When a loved one wanders it can be a terrifying ordeal for families. With that in mind, U.S. Sen. Amy Klobuchar of Minnesota has introduced legislation to help find missing people with autism and Alzheimer's disease.
The proposed legislation was inspired, in part, by a St. Cloud boy who lost his life.
Six-year-old Hamza Elmi was autistic and nonverbal when he wandered from home in July of 2015.
There was a huge search for the boy that involved law enforcement and volunteers from the community. Sadly, his body was found in the Mississippi River in St. Cloud the next day.
Klobuchar's bill extends an existing federal program that helps locate people with Alzheimer's disease or dementia, and adds new support for people with autism.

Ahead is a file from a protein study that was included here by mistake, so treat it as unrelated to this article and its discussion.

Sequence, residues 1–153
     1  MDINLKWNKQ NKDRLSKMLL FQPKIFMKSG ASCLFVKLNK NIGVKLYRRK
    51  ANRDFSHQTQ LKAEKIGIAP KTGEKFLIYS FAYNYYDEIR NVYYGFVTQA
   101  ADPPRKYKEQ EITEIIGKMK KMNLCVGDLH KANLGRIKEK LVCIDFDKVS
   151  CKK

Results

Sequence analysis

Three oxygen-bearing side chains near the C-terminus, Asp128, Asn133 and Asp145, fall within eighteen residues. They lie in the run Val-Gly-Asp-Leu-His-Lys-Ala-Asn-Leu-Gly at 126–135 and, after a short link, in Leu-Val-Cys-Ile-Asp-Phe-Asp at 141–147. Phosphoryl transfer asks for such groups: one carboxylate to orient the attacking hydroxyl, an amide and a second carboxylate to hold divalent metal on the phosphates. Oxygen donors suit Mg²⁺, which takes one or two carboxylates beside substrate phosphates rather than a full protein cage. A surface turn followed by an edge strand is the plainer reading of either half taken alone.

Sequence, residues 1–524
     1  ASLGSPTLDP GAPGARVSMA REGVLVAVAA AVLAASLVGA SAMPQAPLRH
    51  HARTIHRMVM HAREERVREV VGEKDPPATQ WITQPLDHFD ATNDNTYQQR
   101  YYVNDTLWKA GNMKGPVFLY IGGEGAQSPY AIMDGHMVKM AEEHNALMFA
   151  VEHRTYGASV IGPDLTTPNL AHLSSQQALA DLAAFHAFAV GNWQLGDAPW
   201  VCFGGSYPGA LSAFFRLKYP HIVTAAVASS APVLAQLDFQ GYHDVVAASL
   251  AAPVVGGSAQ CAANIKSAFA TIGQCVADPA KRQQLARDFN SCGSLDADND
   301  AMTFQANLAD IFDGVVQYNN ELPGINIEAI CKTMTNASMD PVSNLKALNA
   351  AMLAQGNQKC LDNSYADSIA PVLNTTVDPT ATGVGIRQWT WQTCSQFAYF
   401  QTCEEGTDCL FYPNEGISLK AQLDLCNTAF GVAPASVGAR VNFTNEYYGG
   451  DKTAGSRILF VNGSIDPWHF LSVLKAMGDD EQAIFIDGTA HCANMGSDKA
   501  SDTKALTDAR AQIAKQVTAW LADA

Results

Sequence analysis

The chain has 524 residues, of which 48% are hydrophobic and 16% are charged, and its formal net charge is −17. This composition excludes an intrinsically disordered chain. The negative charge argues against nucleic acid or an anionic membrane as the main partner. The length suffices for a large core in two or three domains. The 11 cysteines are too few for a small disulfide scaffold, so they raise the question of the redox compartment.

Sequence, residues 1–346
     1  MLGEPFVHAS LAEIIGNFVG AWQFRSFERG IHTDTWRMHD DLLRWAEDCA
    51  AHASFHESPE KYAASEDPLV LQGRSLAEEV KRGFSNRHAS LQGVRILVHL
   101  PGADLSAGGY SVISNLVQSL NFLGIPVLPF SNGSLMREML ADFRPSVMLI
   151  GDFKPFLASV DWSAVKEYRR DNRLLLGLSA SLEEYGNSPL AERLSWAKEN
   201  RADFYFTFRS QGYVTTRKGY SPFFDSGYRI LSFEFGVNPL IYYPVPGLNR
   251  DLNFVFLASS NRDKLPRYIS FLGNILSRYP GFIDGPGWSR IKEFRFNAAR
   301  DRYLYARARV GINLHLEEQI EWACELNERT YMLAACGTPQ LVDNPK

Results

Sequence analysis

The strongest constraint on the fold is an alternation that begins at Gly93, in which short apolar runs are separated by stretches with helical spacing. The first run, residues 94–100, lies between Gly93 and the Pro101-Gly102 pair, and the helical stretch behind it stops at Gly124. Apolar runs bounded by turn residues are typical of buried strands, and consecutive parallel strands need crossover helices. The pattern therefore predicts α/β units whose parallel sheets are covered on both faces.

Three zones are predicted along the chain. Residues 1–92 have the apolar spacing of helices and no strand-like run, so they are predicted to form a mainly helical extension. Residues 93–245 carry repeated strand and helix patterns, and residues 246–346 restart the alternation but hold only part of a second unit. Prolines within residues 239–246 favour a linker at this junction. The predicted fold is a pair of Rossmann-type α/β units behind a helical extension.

Rachel Gardner is director of the Frazier Autism Center of Excellence in Bloomington. She believes it will be helpful.
"Many of our kids with autism have significant safety awareness difficulties and don't know when to stop running," she said. "They will often wander away, they don't respond to no. And just in general have a hard time keeping themselves safe."
Gardner said wandering is a more serious issue than most people realize. "Again, many of our kids just don't know how to keep themselves safe, so many times it can be a very nightmare situation if they get out and they can't be found. They don't sometimes respond to their name if they're being called. Sometimes they don't respond to stop if somebody is telling them to stop."
Klobuchar is one of six coauthors of the bill. There is also a companion bill in the House of Representatives.
The bill reportedly has bipartisan support.